Memories we’ve shared, memories we’ve made

Memories we’ve shared, memories we’ve made

I’m sitting outside this morning playing fetch with Samson, our 8-month-old Collie, who is all of 60 pounds. I’m also enjoying the cooler temperatures, watching the sun rise above the hills, watching the mist rise from the hill sides, listening to the dew fall from the trees and nature begin a new day.

We’ve been on Sanctuary Hill a little more than a year. And even though I will always cherish the purpose God allowed us to fulfill in keeping the family farm alive for 30 more years, I feel even closer to him having trusted in his path for our lives.

As we left off last time in our safari in Africa, Hannes, my guide, and I were stalking a pair of fighting impala rams. When we got to the small patch of trees in the middle of the field, we knew we had gone far enough without losing our cover. So Hannes set up the shooting sticks as the rams stopped fighting and turned toward us.

Slowly, I rested the 22/250 in the cradle and asked for the distance. “226,” Hannes replied. “The one on the left.”

Impalas are plentiful in most of South Africa, and a lot of them are simply shot for baiting for lion or leopard. But as I looked through the scope, I realized what I was looking at. They were both trophy quality.

I tend to teach young hunters when preparing to shoot a buck not to look at the horns and think of it only as a target.

So as the crosshairs were doing a little dance, I prayed a simple prayer for accuracy, centered the crosshairs on the base of his neck and slowly squeezed the trigger. The ram literally did a backflip in the tall grass and disappeared.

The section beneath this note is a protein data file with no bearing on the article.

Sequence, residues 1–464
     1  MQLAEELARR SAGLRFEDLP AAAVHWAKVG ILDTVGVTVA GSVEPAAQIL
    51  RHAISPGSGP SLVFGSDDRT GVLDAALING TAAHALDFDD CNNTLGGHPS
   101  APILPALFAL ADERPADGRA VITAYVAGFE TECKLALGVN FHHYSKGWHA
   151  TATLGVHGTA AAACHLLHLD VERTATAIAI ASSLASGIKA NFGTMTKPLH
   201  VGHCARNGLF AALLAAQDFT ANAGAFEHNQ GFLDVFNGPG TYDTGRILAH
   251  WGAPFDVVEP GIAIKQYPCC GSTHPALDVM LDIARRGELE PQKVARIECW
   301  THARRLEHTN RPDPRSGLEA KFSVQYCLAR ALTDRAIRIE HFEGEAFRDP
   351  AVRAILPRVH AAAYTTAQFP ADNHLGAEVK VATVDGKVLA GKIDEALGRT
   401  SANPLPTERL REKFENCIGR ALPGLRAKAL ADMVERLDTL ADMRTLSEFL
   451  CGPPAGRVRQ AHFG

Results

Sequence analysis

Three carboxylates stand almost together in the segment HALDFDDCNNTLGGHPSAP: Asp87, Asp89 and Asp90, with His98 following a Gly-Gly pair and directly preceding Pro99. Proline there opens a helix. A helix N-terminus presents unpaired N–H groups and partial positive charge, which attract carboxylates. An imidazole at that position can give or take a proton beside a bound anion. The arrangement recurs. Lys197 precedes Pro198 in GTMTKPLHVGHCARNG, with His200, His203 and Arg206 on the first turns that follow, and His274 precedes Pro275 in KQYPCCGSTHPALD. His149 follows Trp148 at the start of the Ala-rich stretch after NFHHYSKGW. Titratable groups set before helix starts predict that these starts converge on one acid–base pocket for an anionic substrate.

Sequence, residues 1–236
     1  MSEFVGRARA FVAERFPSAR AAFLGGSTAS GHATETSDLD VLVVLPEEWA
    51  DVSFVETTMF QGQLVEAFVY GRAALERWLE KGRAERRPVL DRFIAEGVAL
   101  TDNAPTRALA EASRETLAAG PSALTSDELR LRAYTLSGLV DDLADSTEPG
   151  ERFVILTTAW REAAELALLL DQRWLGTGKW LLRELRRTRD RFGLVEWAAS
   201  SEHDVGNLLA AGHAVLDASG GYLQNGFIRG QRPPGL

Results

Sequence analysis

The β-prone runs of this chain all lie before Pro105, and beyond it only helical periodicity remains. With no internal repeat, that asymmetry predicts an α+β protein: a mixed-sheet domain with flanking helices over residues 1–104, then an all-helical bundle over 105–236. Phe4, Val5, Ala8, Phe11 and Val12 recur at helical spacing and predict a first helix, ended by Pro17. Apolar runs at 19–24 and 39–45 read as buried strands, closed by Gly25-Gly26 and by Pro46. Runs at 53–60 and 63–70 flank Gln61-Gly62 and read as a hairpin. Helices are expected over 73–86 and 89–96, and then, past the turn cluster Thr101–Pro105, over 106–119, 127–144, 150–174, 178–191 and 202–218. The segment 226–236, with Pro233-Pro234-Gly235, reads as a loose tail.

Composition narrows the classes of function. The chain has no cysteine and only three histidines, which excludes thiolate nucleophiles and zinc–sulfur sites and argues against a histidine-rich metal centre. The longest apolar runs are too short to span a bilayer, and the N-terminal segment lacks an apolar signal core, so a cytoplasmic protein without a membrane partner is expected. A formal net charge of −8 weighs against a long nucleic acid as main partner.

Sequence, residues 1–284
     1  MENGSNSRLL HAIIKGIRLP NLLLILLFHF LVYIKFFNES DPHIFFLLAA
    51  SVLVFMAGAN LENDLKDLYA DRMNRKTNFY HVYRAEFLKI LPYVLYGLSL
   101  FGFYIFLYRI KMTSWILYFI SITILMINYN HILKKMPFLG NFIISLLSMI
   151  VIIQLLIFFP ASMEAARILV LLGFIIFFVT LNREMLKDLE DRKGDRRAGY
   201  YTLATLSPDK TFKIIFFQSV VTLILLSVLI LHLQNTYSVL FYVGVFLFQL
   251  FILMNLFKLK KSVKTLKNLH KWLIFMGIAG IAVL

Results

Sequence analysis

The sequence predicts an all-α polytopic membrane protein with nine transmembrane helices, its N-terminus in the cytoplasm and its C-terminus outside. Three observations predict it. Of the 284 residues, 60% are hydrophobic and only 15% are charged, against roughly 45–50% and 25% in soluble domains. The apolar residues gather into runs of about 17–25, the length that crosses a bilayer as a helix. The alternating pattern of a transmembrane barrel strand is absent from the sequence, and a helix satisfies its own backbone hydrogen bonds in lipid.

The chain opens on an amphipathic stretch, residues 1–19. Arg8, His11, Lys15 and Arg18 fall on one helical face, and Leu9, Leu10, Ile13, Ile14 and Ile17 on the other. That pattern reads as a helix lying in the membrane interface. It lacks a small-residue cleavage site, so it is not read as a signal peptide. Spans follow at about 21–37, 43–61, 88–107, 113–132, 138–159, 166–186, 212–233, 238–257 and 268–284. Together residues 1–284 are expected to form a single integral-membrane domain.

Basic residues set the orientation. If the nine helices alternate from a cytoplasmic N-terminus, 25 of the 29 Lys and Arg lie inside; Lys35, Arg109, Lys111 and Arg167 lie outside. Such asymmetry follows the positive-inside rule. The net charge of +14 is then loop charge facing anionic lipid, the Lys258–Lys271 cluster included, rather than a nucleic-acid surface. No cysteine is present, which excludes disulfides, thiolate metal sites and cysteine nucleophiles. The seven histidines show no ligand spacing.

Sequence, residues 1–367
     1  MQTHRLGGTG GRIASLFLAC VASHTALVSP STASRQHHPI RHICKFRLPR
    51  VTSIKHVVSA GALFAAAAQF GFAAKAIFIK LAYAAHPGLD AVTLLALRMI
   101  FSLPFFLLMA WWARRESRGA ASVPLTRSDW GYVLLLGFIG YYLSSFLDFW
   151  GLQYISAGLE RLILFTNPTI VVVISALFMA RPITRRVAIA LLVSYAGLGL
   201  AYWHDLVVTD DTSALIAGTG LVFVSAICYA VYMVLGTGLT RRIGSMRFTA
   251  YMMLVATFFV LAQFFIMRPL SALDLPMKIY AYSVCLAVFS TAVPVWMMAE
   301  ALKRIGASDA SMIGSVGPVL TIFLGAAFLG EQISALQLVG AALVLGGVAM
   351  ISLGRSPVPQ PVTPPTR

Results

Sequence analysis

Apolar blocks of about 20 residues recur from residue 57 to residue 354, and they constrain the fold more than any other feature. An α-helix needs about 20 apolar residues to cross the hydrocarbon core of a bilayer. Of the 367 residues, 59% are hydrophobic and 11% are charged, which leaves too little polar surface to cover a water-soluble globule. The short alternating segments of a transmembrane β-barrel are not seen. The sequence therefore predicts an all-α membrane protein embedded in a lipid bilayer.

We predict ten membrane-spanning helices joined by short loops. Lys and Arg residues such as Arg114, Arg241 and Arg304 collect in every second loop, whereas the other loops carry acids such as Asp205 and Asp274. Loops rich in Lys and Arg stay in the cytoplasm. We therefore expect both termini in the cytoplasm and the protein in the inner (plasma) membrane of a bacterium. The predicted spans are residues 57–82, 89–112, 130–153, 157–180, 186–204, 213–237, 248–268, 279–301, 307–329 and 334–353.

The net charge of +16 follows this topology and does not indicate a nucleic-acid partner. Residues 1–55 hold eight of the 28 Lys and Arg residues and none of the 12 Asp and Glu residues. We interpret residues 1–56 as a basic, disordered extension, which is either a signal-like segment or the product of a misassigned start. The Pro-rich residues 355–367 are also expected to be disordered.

The other ram started to run but realized his buddy wasn’t coming, then stopped and turned toward the downed ram as if to say, “Hey, get up. Let’s get out of here.”

After a few seconds, he ran off past my wife Taryn and her guide Adam, snorting loudly as he went.

It’s one of those moments that lives forever in a hunter’s mind. Hannes said, “That’s what I like about American hunters. They are really good shooters.”

I wrote in my journal, “Shock, elation, all those things. Thank you, Hannes. Thank you, God.”

As we approached the ram, Hannes said he had at least 24 inches (actually 24 1/2, which puts him in SCI gold measurement). We estimated him to be 7 years old and 180 pounds.

I asked Taryn to pinch me to see if I was dreaming, and she did — twice. Me and my big mouth.

Although Taryn was happy for me, she said I only wanted to shoot one bigger than the one she shot in 2014. It wasn’t my initial intent, but “let the chips fall where they may” as the saying goes. Those that read my column regularly know my wife and I have a fun competition to outdo each other. She had a bigger whitetail for 8 years. I took a huge warthog in 2014 simply because it was bigger than the one she took. She got a bear in Maine, and I have yet to get one and so on.

Back here at home, Whitetail Heritage of Ohio held its annual youth hunt on Oct. 2. This year they took 27 hunters to the woods and harvested 17 deer. Congrats to all of those who participated, even if you didn’t take a deer. There is so much more to hunting than pulling a trigger. I heard Michael Waddell say on one of his shows, “Remember you aren’t God’s gift to hunting. Hunting is God’s gift to you.”

Sanctuary Hill was honored to have my oldest brother Jim, who is 85, along with my niece Vicki Young Brake and her husband Rick visit Oct. 1-3. Fun times. Memories shared. Memories made.

God bless y’all.

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